However, despite the initial success of Route 66, it appears that television executives did not believe the show was masculine enough. The CBS president insisted that Route 66 be revamped to include “more broads, bosoms and fun” (76). While Route 66 had tried its best to avoid gender politics, the networks were anxious to attract a larger male audience. Thus, as Mills tells us, television honchos relied on “such male-oriented gimmicks as fast cars, macho conflict and big busted actresses” (77). Such associations have pervaded the use of the automobile in television throughout much of its history. While TV shows that preceded Route 66, such as Danny Thomas, Ozzie and Harriet, and Father Knows Best, used cars to reflect and codify suburban lifestyles and mores, the advent of the muscle car during the late 1960s and its appearance in television dramas reaffirmed the automobile as a symbol of masculinity.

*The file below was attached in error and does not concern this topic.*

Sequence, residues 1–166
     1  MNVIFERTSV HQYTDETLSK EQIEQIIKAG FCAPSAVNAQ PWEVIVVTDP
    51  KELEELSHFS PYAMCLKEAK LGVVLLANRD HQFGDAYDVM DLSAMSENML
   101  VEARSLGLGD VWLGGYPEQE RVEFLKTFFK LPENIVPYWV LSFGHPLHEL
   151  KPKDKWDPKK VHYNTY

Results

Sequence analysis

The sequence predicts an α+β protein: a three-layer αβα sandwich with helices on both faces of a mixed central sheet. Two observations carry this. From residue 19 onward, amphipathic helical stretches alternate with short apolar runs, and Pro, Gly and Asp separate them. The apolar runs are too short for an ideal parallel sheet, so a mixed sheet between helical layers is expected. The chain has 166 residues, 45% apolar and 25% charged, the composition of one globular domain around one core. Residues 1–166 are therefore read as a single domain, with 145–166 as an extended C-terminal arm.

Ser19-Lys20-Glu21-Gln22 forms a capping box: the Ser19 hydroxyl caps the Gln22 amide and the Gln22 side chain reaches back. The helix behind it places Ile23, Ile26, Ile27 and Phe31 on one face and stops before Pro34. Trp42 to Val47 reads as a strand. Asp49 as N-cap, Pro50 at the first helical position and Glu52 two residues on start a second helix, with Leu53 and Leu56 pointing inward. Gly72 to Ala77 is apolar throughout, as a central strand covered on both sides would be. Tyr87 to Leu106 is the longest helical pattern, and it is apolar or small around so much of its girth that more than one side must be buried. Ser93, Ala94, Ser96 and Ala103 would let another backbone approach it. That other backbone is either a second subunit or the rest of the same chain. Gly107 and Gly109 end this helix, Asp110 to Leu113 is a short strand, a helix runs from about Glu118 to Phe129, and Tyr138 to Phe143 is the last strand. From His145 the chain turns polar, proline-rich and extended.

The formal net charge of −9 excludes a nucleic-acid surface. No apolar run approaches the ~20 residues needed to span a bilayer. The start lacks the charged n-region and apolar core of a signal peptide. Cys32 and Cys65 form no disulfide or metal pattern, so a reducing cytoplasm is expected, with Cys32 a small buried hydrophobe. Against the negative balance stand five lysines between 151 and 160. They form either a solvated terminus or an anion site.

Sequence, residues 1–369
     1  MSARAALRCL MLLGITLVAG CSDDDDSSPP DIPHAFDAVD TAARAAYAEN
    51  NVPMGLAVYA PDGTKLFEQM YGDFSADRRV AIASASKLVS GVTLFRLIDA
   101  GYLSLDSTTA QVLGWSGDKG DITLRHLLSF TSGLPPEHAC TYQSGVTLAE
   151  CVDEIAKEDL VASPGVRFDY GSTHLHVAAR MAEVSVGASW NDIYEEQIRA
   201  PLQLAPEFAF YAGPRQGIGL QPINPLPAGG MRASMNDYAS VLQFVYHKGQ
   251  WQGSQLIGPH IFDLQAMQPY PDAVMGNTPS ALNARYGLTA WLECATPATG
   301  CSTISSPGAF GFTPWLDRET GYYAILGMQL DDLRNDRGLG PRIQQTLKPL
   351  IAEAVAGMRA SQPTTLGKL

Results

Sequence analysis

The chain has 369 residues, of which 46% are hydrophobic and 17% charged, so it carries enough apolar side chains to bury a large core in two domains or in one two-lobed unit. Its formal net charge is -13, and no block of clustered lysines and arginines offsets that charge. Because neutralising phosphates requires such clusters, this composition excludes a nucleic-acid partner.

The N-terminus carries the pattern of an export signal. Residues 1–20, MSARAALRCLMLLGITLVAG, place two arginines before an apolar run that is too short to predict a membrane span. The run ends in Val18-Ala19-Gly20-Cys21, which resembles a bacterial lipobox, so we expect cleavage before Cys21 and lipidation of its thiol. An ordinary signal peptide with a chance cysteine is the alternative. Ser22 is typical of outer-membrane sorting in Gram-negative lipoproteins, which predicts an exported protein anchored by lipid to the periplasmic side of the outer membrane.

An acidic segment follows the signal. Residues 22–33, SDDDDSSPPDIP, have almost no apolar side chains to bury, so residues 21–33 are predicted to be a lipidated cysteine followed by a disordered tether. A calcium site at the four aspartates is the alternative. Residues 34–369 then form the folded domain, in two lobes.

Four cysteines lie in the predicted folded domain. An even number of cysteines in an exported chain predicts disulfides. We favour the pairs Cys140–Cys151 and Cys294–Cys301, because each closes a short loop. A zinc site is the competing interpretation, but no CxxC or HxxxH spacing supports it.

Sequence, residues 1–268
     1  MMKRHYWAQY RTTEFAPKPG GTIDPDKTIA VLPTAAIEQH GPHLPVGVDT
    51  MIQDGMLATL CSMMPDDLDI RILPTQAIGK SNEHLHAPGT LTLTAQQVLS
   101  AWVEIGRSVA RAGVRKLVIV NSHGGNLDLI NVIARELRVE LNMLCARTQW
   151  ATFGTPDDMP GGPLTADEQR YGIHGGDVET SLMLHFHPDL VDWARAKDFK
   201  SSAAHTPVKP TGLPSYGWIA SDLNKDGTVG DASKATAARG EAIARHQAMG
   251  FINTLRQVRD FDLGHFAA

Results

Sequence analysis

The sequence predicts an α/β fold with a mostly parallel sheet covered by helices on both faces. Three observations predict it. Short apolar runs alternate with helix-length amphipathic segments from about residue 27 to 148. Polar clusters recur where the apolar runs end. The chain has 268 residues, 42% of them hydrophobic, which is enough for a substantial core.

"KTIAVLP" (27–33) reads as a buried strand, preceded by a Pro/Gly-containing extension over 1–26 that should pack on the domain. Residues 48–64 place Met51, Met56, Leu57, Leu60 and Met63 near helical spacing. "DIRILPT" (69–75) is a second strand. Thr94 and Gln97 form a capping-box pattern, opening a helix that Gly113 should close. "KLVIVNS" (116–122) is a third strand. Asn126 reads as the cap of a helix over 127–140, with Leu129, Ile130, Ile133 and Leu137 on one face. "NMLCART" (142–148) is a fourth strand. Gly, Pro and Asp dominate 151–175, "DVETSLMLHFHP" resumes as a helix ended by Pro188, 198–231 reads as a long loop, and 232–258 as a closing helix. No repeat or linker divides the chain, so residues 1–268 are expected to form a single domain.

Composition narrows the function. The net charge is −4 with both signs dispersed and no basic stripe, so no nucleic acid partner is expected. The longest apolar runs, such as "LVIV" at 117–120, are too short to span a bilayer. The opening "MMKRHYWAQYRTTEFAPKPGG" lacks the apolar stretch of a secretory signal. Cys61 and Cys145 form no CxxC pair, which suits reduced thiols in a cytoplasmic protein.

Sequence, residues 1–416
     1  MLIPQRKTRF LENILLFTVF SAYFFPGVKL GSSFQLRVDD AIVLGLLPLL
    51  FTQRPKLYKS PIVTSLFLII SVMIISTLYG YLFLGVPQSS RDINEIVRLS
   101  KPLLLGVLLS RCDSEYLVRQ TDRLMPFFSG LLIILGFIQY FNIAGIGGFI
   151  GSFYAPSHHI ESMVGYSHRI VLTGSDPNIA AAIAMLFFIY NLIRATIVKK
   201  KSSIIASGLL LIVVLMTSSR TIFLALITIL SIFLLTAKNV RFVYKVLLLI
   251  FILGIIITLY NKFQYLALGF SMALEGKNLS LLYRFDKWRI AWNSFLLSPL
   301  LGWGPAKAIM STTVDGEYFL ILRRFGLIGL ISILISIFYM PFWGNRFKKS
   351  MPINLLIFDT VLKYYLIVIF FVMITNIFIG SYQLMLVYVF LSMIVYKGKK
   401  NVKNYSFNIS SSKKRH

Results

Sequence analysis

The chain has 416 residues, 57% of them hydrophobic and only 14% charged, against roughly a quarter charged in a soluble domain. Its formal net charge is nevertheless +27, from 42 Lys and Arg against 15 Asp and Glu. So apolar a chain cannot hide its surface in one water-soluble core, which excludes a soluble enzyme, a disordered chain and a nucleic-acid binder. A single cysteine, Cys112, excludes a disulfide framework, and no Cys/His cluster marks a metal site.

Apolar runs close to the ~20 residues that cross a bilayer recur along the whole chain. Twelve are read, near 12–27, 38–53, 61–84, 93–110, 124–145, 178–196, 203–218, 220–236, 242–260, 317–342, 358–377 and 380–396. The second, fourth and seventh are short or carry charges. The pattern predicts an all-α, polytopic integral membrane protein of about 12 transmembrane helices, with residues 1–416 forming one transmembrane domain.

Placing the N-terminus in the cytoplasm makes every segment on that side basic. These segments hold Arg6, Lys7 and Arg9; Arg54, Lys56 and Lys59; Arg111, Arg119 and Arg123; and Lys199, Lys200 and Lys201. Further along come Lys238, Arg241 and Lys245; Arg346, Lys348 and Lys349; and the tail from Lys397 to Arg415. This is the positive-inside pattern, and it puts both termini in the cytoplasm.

The automobile in Route 66 was never considered a character in the drama. Rather, its significance rested in its use as a metaphor for mobility and masculinity. During the late 1960s and early 1970s, however, the role of the TV car often equaled, if not exceeded, that of its human counterparts. Unlike programs such as Route 66, in which the car contributed masculinity in an understated, almost subliminal manner, automobiles were inserted into 1970s shows to attract a male audience interested primarily in the car. Writing about the Batmobile, in Hollywood TV and Movie Cars, William Krause asserts, “ the enormous popularity of the car primed the pump for countless television cars to become as famous as their human costars” (103). Cartoon-type dramas, such as Batman, The Green Hornet and the Monkees, featured outrageous automobiles constructed from stock muscle cars. In programs that followed, such as Starsky and Hutch, The Dukes of Hazzard, and Magnum PI, “hot” cars often served to divert the male audience from weakness in storyline and character development. Krause writes of the “General,” a 1969 Dodge Charger with a 440-ci V8 Magnum engine and an A-727 automatic transmission featured in Hazzard, “the car was really the only redeeming portion of the show” (120). Whereas the original intent of Route 66 was to attract the male viewer through “masculine” content and subject matter, shows such as Hazzard dismissed such lofty ambitions, and simply concentrated on “fast cars, macho conflicts and big-busted actresses.”